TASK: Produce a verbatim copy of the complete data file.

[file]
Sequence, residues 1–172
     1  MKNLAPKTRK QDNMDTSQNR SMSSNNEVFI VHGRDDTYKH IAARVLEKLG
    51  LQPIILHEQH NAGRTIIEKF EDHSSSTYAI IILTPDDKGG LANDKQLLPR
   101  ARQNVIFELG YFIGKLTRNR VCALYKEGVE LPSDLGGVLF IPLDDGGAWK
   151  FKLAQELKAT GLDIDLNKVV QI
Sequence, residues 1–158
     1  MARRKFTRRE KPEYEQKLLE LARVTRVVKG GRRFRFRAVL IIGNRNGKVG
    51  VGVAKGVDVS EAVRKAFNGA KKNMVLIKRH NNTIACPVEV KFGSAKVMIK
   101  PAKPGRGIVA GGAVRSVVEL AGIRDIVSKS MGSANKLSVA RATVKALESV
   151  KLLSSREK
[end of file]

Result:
Sequence, residues 1–172
     1  MKNLAPKTRK QDNMDTSQNR SMSSNNEVFI VHGRDDTYKH IAARVLEKLG
    51  LQPIILHEQH NAGRTIIEKF EDHSSSTYAI IILTPDDKGG LANDKQLLPR
   101  ARQNVIFELG YFIGKLTRNR VCALYKEGVE LPSDLGGVLF IPLDDGGAWK
   151  FKLAQELKAT GLDIDLNKVV QI
Sequence, residues 1–158
     1  MARRKFTRRE KPEYEQKLLE LARVTRVVKG GRRFRFRAVL IIGNRNGKVG
    51  VGVAKGVDVS EAVRKAFNGA KKNMVLIKRH NNTIACPVEV KFGSAKVMIK
   101  PAKPGRGIVA GGAVRSVVEL AGIRDIVSKS MGSANKLSVA RATVKALESV
   151  KLLSSREK